Escorts are now warning clients to bring authenticated proof of vaccinations amid fears over vaccine hoaxes.
A Perth-based escort agency has received calls from clients from Sydney, Colorado and California requesting proof that there listed escorts have had vaccinations.
Two Thai girls, aged 18 and 19, in Sydney will be in quarantine for three months after testing positive for a new strain of Covid 19.
Their parents have also tested positive for Covid 19 as the cause of their sickness, but Marcia Blake insists their records say they did not contract the virus from college nor from travel abroad.
The law of this country says that a foreign student residing for more than six months in Australia must have their vaccination record in order to apply for study here.
To prove their entitlement, both students have been forced to spend more than a week in quarantine at Chedaburra for the Covid infection.
The girls have had all their classes cancelled and two of the three teachers who contracted the virus have also been grounded.
One has only just returned to school in a permanent disability to recover from her illness.
‘I don’t have the heart to tell them: ‘Sorry you’ve got sick, thanks for visiting the hotel, we can’t help you’,’ said the family’s only teacher, Mahina.
Mahina, who is taking a month off to recover, said of her own illness, that she contracted the virus on her first visit to the US in August last year while on a two week course at the prestigious California Institute of Technology, where she is studying computational biology.
She has been too ill to travel since but hopes to return to the US in April for a different course.
For a foreign student to obtain a place in Australia, they must have a letter from their parents saying they’ve paid £450 ($A666) for two separate vaccinations and showing proof of inoculation on the date of appointment with the register at their child’s primary school.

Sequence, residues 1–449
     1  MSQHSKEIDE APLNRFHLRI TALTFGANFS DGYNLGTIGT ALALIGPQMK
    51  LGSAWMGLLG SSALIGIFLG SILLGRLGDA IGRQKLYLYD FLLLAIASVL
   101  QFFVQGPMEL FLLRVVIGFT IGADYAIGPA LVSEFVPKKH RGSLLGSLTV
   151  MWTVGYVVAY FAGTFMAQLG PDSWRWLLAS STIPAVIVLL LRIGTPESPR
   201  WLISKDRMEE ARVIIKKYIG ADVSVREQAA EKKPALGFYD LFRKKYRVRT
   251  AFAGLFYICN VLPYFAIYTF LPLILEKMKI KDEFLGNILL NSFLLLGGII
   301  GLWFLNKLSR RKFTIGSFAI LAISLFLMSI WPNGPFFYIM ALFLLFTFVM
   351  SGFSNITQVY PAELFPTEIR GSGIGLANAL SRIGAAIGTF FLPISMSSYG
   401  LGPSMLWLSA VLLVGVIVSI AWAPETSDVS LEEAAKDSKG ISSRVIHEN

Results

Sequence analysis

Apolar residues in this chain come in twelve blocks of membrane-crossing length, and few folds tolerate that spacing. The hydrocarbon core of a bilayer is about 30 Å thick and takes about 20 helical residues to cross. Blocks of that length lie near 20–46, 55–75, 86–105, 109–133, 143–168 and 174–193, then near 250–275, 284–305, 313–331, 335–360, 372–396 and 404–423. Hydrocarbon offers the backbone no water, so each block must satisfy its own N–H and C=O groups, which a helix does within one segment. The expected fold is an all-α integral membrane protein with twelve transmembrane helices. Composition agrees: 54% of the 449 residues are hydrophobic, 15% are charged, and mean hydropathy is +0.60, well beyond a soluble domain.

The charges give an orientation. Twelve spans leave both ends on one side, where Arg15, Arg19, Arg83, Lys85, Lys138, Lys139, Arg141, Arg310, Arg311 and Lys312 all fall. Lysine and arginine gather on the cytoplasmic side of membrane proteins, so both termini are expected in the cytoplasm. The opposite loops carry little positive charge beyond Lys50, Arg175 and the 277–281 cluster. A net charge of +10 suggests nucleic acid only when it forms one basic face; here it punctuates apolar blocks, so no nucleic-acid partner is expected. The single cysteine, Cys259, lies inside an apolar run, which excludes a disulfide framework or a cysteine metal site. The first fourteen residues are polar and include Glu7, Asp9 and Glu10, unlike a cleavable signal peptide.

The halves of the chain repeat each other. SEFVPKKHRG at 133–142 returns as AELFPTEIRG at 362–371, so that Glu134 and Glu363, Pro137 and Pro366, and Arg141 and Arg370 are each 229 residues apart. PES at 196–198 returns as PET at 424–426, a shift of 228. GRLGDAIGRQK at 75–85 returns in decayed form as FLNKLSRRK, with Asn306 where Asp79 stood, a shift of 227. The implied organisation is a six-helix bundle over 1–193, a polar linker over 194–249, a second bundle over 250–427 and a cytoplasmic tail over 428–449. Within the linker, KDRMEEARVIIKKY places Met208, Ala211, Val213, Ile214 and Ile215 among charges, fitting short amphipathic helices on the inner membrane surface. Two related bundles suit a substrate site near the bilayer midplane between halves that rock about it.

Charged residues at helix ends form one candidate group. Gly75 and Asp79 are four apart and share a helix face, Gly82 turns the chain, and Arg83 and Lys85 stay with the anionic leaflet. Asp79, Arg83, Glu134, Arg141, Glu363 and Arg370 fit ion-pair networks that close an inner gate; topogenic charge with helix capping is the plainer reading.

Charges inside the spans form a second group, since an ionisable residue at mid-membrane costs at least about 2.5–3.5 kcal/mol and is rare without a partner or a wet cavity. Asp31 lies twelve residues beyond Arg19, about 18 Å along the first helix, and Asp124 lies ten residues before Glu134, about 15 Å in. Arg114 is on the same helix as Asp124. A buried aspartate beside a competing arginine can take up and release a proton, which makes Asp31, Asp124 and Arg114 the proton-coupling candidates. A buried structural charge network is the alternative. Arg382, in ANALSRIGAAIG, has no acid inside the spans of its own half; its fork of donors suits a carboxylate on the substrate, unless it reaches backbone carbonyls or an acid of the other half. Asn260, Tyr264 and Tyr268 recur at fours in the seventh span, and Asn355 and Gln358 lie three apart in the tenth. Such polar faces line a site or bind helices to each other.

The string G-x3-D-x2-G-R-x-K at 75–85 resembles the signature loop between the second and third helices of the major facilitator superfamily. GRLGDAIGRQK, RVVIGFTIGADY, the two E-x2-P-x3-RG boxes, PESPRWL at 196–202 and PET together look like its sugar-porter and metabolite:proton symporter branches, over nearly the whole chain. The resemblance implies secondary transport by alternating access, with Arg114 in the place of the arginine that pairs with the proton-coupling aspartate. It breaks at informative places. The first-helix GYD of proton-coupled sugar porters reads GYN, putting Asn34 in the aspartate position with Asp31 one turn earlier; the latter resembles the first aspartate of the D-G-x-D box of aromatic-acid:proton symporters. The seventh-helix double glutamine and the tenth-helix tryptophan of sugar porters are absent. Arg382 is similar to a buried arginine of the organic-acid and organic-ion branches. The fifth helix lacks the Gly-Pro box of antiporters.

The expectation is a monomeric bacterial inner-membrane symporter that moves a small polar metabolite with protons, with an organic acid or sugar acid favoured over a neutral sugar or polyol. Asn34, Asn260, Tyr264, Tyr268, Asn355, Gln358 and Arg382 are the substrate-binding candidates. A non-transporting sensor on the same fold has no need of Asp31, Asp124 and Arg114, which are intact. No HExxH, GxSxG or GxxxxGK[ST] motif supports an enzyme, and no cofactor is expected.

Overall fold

Miss Blake, who has been caring for two girls and a boy while their parents have been kept away in quarantine for three months, said she had been concerned about this case since its beginning.
‘I didn’t know what to think,’ she said.
‘I was trying to be reassuring, but my heart was beating a lot faster.’
Miss Walker said she had been told the virus was contracted in Thailand but there has been speculation that a super contagious may have spread there.
‘The people on the other side of the border wanted to know when and if they could be vaccinated, so I told them, “the rest of you get caught up and I’ll sort out the rest for you”.’
Consultant Dr Olga Stolk, of the Queensland Hospital & Health Service, said officials were working with Thai health authorities to send her medical records.
‘A high priority for our health system is the protection of the public and I am very concerned that vaccination records are still not available and we have heard that vaccination records have not been submitted and who knows where they are,’ she said.